Finally, we are going to create the task sequence that will push your BIOS configuration and any needed updates.
Expand the Operating Systems node and click on the Task Sequences applet. Create a new custom task sequence, and specify a name and boot image to use.
When you are done, click Close to exit the New Custom Task Sequence Wizard. Open your newly created task sequence and create a new group called “Apply BIOS Updates.” Add a new step to Run Command Line and configure the step as shown below:
Note you do not need to specify the BIOS password to install the HAPI driver. The next step in the task sequence will clear the password before applying any updates or configurations. Add another step to Run Command Line and configure the step as shown below:
Note that this is the only step where we will tell the task sequence to continue on error, as new machines will not have a password set in the BIOS. Make sure the value you set for “‑valsetuppwd” is your current administrator password and that you’ve typed it correctly, otherwise your task sequence will fail. Add another step to Run Command Line and configure the step as shown below:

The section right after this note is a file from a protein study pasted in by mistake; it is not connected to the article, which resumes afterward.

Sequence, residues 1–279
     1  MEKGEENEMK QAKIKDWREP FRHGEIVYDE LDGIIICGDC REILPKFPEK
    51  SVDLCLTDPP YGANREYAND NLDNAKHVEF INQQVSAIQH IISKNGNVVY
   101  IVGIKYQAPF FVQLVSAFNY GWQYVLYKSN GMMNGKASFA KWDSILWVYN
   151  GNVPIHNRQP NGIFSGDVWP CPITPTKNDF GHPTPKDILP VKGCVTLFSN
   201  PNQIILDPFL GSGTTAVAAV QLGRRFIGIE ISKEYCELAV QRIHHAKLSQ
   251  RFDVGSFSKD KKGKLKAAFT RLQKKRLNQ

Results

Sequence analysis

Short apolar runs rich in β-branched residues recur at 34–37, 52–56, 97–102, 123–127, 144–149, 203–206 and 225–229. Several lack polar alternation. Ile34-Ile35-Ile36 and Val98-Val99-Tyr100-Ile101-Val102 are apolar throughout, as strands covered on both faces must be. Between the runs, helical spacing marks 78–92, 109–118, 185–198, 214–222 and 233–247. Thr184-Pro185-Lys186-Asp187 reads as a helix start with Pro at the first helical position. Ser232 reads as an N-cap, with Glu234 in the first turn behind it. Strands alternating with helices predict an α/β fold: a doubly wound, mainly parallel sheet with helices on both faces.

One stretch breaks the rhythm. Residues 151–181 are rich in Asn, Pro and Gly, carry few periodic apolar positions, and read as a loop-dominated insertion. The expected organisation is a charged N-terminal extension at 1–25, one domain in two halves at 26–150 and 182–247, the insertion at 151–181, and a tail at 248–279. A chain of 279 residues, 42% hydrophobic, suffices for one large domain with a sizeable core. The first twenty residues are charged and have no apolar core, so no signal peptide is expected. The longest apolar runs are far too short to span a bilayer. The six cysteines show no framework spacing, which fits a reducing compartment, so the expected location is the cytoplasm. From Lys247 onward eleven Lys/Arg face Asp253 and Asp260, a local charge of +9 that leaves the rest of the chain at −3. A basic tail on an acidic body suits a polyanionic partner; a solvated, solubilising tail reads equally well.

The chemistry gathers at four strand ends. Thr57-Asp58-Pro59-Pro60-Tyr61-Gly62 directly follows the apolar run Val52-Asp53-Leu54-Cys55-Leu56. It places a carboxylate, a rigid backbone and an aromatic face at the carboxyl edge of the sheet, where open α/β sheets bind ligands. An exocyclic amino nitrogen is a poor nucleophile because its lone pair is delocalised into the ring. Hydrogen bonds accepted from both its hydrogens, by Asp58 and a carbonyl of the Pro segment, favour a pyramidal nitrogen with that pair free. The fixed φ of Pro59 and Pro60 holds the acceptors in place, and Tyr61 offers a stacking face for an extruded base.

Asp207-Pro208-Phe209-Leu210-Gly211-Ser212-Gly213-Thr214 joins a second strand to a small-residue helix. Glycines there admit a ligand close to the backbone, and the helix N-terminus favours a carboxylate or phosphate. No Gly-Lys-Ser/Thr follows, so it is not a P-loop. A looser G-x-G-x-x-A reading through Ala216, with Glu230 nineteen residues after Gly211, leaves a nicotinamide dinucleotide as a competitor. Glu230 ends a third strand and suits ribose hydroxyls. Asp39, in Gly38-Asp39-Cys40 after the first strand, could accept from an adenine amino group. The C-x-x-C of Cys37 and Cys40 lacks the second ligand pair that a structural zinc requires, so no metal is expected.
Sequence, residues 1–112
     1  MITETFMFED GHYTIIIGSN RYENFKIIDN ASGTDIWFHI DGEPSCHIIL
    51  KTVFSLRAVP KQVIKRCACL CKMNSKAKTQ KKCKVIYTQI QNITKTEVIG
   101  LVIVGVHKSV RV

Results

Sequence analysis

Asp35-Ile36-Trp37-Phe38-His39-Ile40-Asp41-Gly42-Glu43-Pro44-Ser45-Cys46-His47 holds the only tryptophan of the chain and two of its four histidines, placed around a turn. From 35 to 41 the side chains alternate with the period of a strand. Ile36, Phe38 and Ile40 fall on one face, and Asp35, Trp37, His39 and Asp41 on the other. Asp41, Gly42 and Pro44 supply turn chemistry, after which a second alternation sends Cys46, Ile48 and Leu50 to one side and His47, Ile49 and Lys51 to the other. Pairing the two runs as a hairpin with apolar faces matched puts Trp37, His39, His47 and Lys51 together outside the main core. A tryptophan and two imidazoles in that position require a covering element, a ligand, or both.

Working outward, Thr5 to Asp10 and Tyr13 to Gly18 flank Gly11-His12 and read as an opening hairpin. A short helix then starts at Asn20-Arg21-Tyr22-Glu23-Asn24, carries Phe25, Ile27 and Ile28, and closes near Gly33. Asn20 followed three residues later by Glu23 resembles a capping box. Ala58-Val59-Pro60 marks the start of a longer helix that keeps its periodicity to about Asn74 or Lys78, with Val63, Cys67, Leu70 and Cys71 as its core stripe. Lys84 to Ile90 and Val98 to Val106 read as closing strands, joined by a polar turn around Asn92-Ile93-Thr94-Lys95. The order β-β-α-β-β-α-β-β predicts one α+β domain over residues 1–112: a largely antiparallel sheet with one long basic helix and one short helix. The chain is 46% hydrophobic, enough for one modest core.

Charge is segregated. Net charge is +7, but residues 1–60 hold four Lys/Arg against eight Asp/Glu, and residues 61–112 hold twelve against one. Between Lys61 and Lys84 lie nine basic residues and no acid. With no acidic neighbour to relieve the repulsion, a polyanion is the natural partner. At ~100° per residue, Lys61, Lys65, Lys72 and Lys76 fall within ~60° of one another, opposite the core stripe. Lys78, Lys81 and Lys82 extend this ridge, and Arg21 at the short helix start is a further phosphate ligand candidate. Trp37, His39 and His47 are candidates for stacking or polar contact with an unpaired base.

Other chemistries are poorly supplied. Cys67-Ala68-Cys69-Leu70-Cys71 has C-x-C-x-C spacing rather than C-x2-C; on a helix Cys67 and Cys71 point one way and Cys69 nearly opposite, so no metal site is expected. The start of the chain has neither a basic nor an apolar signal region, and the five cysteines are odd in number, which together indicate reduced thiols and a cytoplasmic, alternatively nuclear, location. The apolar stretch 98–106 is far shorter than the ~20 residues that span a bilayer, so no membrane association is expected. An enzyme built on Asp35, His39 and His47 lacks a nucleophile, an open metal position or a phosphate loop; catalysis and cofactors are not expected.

Take note of the following parameters:
- O780-A15.exe – Name of the executable located in the package source folder.
- /s – Switch to run the executable silently.
- /r – Switch to force a system restart. If this switch is not present, the flash with fail and generate error code 2.
- /l=C:\Temp\O780_A15.log – Switch to generate a log file from the executable.
Make sure to point the step to the package that contains the executable you wish to run. Repeat this process for every model to which you wish to deploy BIOS updates. If you add a new revision, you will need to update the executable name and WMI queries as needed. It seems that newer Dell models such as the OptiPlex 3040 do not use A01, A02, etc. as their BIOS revisions but just numbers instead (1, 1.4.2, etc.). Pay close attention when entering your WMI query for the “SMBIOSBIOSVersion” property. When you are done, add a new group called “Apply BIOS Configuration” and add another step to Run Command Line. Configure the step as shown below: